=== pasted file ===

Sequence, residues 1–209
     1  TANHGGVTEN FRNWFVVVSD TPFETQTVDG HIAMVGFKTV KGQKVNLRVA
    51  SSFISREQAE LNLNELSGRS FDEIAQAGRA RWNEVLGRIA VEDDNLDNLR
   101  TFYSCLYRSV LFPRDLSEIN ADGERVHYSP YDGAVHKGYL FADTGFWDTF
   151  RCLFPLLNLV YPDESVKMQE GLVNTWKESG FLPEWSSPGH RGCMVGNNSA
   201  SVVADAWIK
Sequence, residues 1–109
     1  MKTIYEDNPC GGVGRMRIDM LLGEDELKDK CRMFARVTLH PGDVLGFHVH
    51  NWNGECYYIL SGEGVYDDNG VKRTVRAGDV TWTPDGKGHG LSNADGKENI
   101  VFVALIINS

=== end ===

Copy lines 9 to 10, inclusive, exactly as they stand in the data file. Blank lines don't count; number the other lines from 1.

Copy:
    51  NWNGECYYIL SGEGVYDDNG VKRTVRAGDV TWTPDGKGHG LSNADGKENI
   101  VFVALIINS